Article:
15. Apparatus according to claim 14, wherein the control system enables a user to program the twist profile to be imparted to a production run, series of production runs, or part run, of yarn.
16. Apparatus according to claim 15, wherein the control system is microprocessor based and includes a user operable keyboard and display.
17. Apparatus according to claim 14, wherein the apparatus also includes one or more guides positioned after the one or more twist rollers to cause one or more of the strands to pass over a longer path than one or more other strands before the strands are brought together to form a multi-ply yarn, one or more of which guides are movable to enable variation of the position of one or more guide(s) between production runs.
18. Apparatus according to claim 17, wherein the apparatus also includes an electro-mechanical guide repositioning system for moving one or more of said guides, wherein the repositioning system is also programmably controllable by the control system of the apparatus.
19. Apparatus according to claim 14, wherein the apparatus also includes a second reciprocating twisting stage after the first reciprocating twisting stage and wherein said second reciprocating twisting stage is arranged to impart twist to the one or more slivers in areas of non-twist that are located between areas of twist imparted to the one or more slivers by the first reciprocating twist stage.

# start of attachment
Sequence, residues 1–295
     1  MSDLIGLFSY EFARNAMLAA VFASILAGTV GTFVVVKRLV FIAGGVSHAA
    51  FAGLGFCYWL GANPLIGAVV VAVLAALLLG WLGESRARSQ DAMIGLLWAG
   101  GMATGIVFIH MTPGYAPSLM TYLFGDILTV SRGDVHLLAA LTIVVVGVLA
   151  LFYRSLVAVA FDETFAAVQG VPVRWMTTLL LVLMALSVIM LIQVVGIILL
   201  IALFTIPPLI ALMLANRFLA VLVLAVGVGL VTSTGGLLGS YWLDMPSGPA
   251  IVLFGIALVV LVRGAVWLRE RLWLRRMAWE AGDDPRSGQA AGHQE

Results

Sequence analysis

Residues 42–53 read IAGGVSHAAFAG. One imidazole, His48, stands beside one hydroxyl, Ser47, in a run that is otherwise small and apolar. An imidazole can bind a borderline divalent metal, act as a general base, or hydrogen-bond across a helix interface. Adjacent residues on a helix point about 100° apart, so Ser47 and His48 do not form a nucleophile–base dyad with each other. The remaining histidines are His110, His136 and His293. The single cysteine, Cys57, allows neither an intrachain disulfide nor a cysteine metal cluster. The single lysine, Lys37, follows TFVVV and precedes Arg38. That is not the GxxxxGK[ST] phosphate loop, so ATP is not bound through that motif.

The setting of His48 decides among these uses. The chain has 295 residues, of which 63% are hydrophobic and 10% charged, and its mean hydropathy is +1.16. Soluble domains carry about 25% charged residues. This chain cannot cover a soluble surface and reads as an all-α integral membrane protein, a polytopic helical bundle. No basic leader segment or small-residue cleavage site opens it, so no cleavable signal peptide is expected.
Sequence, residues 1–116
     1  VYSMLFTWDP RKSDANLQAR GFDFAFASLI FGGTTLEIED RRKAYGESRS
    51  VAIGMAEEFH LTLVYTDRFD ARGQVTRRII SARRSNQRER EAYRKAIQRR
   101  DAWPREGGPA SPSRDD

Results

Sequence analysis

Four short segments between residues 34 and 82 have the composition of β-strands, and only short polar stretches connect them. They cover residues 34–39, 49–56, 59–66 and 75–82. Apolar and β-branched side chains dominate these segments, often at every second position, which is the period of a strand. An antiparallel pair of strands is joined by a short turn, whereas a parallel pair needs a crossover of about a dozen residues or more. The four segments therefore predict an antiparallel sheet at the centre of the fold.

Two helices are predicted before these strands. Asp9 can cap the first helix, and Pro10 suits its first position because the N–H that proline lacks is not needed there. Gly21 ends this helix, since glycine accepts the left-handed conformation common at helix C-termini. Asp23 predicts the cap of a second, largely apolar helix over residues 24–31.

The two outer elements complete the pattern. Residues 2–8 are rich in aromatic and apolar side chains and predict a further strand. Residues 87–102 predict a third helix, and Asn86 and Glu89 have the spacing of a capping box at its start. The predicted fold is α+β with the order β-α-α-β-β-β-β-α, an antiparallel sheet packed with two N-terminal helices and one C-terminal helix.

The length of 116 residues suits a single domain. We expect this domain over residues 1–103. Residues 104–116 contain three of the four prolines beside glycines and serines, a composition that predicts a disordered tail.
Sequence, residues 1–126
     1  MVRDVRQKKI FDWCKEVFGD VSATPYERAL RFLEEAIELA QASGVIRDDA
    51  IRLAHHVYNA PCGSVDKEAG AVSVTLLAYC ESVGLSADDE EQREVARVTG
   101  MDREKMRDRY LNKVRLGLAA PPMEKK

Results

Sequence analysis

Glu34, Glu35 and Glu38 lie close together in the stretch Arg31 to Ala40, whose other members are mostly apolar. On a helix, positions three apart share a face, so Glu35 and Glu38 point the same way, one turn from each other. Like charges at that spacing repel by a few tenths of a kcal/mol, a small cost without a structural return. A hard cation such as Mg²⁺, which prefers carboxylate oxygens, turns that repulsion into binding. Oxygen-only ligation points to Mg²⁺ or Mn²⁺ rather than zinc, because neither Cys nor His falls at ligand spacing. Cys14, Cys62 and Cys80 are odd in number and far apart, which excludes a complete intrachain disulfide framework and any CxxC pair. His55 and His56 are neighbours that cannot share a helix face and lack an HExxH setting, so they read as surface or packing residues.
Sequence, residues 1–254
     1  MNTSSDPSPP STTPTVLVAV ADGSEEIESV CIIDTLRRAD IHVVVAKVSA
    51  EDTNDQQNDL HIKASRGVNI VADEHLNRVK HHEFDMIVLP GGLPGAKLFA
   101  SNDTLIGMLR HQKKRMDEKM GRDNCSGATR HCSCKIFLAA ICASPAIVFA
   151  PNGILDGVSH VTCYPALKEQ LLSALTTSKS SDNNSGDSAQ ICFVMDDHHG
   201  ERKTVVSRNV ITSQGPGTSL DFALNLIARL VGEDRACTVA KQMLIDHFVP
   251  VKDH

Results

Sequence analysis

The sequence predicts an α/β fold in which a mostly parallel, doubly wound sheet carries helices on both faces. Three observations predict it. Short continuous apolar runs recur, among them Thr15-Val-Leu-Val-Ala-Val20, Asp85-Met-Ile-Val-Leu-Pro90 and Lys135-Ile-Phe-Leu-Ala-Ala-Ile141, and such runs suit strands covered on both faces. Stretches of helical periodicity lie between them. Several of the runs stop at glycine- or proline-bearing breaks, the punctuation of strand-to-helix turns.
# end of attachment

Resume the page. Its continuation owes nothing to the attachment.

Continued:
20. Apparatus according to claim 8, wherein the apparatus further includes:
a control system for controlling variation of the speed and extent of reciprocal movement of the one or more twist rollers along the axis of rotation to enable further variation of the twist profile imparted to the yarn.
21. Apparatus according to claim 20, wherein the control system enables a user to program the twist profile to be imparted to a production run, series of production runs, or part run, of yarn.
22. Apparatus according to claim 21, wherein the control system is microprocessor based and includes a user operable keyboard and display.
23. Apparatus according to claim 20, wherein the apparatus also includes one or more guides positioned after the one or more twist rollers to cause one or more of the strands to pass over a longer path than one or more other strands before the strands are brought together to form a multi-ply yarn, one or more of which guides are movable to enable variation of the position of one or more guides between production runs.